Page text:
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Degrees that make you rich...and those that don't Watch

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    The Institute for Fiscal Studies has published research which looks at the correlation between degree subject and earning.

    Unsurprisingly, those who study medicine and dentistry rank top with the median annual earning 5 years after graduating is 48k. Economics, Mathematics, Veterinary science, and Engineering & Technology make up the rest of the top 5, all earning over 30k.

    The reserach also looks at how which uni the graduate attended affects pay and the difference between how much men and women earn, with recent female graduates earn 2k less than their male counterparts.

    You can read the full story here.

    What do you make of this? Do you think this is accurate? Are there any surprises?
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    Well it must be pretty accurate - I am not sure how you would get a more accurate set of data or analysis.

    No surprises for me. Pretty much any research in this area has brought up similar results.
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    I think the phrase "no sh1t, Sherlock :holmes: " applies here
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    Always makes me proud and happy seeing my degree being high up there
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    I wonder what range of salary a BSc (Hons) degree in Fartology and Excrements Science would warrant?
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    (Original post by Texxers)
    Always makes me proud and happy seeing my degree being high up there
    But are you rich though? It is one thing to have studied the degree, it is another to be rich.

    Not all those kids, who have studied those subjects are rich. Some might even be unemployed.
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    Same as a law degree and joint highest-earning humanities degree; pretty solid.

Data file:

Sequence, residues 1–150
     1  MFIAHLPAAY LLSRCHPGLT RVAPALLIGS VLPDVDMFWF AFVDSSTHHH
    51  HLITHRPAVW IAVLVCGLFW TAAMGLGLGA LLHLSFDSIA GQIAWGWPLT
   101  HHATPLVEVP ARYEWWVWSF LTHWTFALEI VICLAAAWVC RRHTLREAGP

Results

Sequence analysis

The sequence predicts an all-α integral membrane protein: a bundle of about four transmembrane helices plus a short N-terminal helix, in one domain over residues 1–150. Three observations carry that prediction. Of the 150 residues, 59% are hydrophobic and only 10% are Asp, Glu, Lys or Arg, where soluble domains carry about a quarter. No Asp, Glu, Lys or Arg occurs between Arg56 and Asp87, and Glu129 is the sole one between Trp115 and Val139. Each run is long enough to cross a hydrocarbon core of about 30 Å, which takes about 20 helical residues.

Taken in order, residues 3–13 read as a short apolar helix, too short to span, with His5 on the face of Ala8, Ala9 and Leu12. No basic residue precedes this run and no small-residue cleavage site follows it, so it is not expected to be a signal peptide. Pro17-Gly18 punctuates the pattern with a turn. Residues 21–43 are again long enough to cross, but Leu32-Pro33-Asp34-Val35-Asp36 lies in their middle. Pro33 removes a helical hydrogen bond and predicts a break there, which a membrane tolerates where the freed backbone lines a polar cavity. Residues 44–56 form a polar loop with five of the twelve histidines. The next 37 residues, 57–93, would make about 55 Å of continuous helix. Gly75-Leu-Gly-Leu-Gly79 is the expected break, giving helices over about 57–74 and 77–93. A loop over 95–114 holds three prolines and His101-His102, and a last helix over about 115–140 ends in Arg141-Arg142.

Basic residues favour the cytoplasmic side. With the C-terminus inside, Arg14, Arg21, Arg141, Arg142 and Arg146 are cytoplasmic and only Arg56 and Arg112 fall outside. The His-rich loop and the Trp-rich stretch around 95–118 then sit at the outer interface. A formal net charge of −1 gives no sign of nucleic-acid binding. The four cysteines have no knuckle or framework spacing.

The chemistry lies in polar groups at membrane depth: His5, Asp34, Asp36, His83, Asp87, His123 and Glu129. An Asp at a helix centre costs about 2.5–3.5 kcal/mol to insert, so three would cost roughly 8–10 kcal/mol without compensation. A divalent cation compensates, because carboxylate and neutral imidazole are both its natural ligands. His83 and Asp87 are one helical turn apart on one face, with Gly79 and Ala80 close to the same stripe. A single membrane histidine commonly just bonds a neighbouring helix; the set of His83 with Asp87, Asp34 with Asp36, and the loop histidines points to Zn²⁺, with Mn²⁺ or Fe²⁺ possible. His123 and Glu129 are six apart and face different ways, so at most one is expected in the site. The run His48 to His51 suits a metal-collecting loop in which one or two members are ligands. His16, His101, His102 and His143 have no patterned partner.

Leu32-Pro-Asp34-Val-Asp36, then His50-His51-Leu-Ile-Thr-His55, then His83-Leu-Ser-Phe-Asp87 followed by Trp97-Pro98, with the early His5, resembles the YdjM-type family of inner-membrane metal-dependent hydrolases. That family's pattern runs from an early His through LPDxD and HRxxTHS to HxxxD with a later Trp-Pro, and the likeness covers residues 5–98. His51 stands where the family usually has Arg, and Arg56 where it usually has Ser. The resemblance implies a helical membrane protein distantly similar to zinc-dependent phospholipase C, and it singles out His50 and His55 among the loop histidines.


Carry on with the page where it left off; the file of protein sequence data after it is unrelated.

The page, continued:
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    (Original post by Wired_1800)
    But are you rich though? It is one thing to have studied the degree, it is another to be rich.

    Not all those kids, who have studied those subjects are rich. Some might even be unemployed.

    Ummm yeah... I be minted bruh.
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    "For example, students of law, economics and management subjects at the London School of Economics do extremely well, with 10% of male graduates earning more than £300,000 by the time they are in their early 30s."

    What's the point of being highest 5-years post graduation when you make wayyy less than that for the rest of your working life, eh? :|
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    I would've thought communications (presumably with marketing) would've been higher due to jobs in business and HR, hmm. Nothing else is that shocking though.
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    I really hope that gender pay "gap" isn't something that people get het up on but ... it doesn't look great, does it?
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    people make such a kerfuffle about money

    smh

    Spoiler:
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    STEM guys are minted :smug:

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    tfw you want to go into academia and will be poor forever
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    Note.

    "Remarkably though, even when comparing students who did the same subject at the same university, those from the richest households still earn around 10% more than their peers from less affluent backgrounds."
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    I see "All Medicine" and "Medicine and Dentistry" erm, confusing no?
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    Medicine is majorly being pushed towards post grad only - so that could be reworded as "median salary after 8 years of starting your degree" and tell a different story.
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    (Original post by Doonesbury)
    Note.

    "Remarkably though, even when comparing students who did the same subject at the same university, those from the richest households still earn around 10% more than their peers from less affluent backgrounds."
    "Remarkably?"

    Are they for real?
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    (Original post by Sonechka)
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    Same as a law degree and joint highest-earning humanities degree; pretty solid.
    How on earth does Languages get up so highly? What kind of jobs is that applying to?
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    (Original post by Sonechka)
    Name:  earnings.PNG
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    Same as a law degree and joint highest-earning humanities degree; pretty solid.
    Above physical sciences smh. Tbf physical sciences is a very broad category and some of my courses are actually joint with maths so. That said I reckon maths is so high from people doing financially related jobs which 100% is not what I wanna do with my life.
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    lol at arts & design
 
 
 
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